Mooney seems to imagine himself a peacekeeper by vilifying those who speak the truth more plainly than he does. He can go "frame" himself.

articulett said...

Thanks, Jeremy, for deleting my accidental reposts-- I was very embarrassed when I realized I had posted because I thought each of my other posts hadn't gotten through due to an error on my part. (You are my personal savior--ha!)

I do enjoy your show very much and look forward to each episode, but Mooney is hard to listen to (Not as bad as McLaren though).

I hope you invite PZ or Jerry Coyne on to respond... or maybe, Ophelia Benson --she was banned from posting on Mooney's intersection blog. I just don't think anyone wants PZ, Dawkins, et. al. to be more like Mooney. I suspect they are far more more effective at promoting rational thought than Mooney imagines... and far more effective than Mooney himself.

Justin said...


I know Mooney specifically agreed that faith is not a means of knowledge.

I don't think anyone is advocating the respect of religion; there's not much there to respect. Certainly some good works come out of some of it, but not typically for good reasons.

The trick is to persuade and give no ground, without straying into ad hominem language. Using the Socratic method with reasonable theists seems to work well. No method will work with the unreasonable, so go for it.

PZ Myers said...

The "tone" issue is misleading for a couple of reasons.

1. It assumes that the bad guys, that is the "New Atheists", are bad guys. They don't have a clue how to interact with other people. But it's simply not true -- we use the right tone in the right place. And even when we're busily kicking someone in the metaphorical taint, we're also explaining with ruthless thoroughness exactly why we're making this argument.

I teach for a living. Do people like Mooney really think I walk into the classroom with a truncheon and a bullhorn?

2. There's a lot of flawed pop psych out there. I'm not arguing that it's wrong -- it's true, if you smile nicely at someone, they'll like you better than if you scowl -- but it's irrelevant. It's great if I want to sell someone some soap. It's not very useful at all if my goal is to show someone that they are fundamentally wrong.

It also ignores context. When you're one on one with someone, trying to lead them to understand your views, you use the gentle approach. Even barbarians like Dawkins and myself do that.

But sometimes we're engaged in a gladiatorial match. My goal isn't to reach my opponent's sensitive side, it's to disembowel him for the edification of the spectators. And that's an important tactic.

Mooney's approach makes for very poor spectacle, and makes his position look weak. That's the kiss of death in the rough-and-tumble real world. Complaining about "tone" in those kinds of arguments just leaves me rolling my eyes. Yeah, right. We aren't always playing kiss-ass.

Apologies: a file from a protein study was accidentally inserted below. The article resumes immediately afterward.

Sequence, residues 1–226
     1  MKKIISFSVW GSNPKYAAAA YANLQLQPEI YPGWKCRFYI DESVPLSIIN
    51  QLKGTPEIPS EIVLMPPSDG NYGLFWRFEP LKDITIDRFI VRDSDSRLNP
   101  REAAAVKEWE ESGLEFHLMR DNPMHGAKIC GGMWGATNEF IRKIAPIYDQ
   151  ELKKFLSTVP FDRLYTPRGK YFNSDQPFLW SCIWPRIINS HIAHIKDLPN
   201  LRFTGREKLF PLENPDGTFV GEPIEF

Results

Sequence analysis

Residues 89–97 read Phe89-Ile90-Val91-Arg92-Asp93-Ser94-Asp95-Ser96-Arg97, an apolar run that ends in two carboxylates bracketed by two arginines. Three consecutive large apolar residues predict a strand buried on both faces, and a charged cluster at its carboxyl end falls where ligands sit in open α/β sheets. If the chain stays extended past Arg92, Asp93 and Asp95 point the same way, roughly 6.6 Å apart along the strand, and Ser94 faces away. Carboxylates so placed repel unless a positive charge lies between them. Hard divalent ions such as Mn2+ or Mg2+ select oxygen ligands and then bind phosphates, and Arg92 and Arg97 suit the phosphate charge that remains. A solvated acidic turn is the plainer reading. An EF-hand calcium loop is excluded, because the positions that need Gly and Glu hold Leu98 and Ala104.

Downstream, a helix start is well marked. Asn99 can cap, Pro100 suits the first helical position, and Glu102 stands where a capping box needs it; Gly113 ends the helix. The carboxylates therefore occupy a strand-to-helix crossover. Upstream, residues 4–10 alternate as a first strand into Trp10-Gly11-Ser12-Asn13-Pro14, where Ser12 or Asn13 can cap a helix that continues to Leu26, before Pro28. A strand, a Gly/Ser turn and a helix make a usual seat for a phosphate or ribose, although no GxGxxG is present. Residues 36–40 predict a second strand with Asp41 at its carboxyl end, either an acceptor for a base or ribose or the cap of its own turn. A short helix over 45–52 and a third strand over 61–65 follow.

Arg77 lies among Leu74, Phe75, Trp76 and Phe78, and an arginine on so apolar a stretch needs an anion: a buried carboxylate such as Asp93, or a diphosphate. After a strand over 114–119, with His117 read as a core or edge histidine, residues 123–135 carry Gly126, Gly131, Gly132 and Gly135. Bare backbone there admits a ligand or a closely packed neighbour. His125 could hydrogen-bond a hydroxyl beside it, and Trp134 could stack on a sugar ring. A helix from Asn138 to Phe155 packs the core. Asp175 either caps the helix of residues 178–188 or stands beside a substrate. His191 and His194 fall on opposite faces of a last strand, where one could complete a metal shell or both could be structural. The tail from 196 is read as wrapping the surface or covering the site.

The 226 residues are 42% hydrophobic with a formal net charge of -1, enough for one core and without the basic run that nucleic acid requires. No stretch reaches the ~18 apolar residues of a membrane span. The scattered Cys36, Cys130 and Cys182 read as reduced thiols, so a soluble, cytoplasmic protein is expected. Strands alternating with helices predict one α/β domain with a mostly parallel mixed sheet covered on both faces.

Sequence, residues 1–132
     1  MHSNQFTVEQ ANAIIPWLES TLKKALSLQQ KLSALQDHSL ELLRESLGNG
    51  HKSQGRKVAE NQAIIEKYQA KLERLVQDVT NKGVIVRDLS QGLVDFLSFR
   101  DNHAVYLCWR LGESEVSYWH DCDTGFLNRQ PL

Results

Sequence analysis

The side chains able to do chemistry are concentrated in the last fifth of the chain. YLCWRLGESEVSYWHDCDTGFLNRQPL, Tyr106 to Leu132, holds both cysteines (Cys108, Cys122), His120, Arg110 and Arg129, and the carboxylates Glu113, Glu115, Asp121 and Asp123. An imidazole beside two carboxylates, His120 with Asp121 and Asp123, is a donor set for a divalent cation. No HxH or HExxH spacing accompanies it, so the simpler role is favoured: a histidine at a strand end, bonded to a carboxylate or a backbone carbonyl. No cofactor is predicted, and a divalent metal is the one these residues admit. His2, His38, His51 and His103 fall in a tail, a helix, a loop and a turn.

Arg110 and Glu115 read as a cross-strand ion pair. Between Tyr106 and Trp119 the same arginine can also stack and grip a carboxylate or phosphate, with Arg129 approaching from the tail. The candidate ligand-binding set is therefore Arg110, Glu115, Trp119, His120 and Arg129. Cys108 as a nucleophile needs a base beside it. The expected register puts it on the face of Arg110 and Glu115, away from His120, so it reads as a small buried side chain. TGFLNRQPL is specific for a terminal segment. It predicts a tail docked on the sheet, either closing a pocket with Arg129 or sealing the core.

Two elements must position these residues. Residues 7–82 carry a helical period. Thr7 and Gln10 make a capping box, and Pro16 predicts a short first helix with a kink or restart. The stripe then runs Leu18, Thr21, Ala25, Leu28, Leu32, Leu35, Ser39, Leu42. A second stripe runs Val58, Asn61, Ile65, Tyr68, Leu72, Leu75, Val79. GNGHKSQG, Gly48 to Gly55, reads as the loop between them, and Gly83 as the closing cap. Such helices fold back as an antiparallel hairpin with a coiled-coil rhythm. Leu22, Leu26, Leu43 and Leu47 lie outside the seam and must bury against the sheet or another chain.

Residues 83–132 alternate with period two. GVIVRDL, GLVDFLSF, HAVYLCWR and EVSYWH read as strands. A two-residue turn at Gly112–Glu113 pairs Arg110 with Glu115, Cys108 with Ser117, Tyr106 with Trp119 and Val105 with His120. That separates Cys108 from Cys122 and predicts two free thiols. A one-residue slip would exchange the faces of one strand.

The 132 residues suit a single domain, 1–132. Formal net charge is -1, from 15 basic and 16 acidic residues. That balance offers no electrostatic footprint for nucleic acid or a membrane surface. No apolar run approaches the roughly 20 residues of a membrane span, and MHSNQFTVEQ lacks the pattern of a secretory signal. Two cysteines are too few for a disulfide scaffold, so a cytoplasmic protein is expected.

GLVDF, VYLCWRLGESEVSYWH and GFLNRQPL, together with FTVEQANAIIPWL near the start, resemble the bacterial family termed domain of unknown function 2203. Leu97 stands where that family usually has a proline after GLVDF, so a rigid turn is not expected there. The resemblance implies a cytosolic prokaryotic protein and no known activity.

3. Sometimes we aren't playing the persuasion game. Sometimes we're just playing the truth game and setting aside the diplomatic greasing. There's something ultimately condescending about Mooney's approach -- he's an atheist, but he doesn't want to make the person on the other side of the table uncomfortable with the fact. I'd rather slam the atheism down front and center and get it over with. If the other runs away crying, we weren't going to have much of a discussion anyway. If they stay and lay out their philosophical position openly, we can argue without evasion and maybe achieve some understanding.

Really, I've had much more respect with creationists, for instance, who resolve their conflicts with science by announcing, "god did it with a miracle," than with the weasely rat-bags who sit there inventing ever more contrived pseudoscientific explanations for the Flood or whatever. I'm not going to be the converse, the guy who makes sympathetic excuses for why religion is compatible with science when in my own life, I do not truck in such nonsense.

PZ Myers said...

I second articulett -- get Ophelia Benson on the podcast. She's one of the best articulate atheists out there, and I just don't understand why she isn't being invited to be front and center more often.

I'd be willing to be on again sometime, but get Ophelia first. Or put us on together.

Dale said...

To PZ Myers's last comment: YES! I kept waiting for Ophelia to be mentioned in the podcast, but she wasn't.

But whatever -- water under the bridge, right? Get her on! She's brilliant, and she has a great deal to say on these topics. (And many more.)

Jeremy said...


Thank you again for your comment. I don't have the time tonight to respond in any detail.

I've never heard of Ophelia Benson before today. Its not my style to bring someone on to the show just over a disagreement. Perhaps I could invite her on the show to discuss her book and then towards the conclusion of the interview we can bring you on and the three of us can discuss the "tone" matter together. I think that would make for a great show.

PZ Myers said...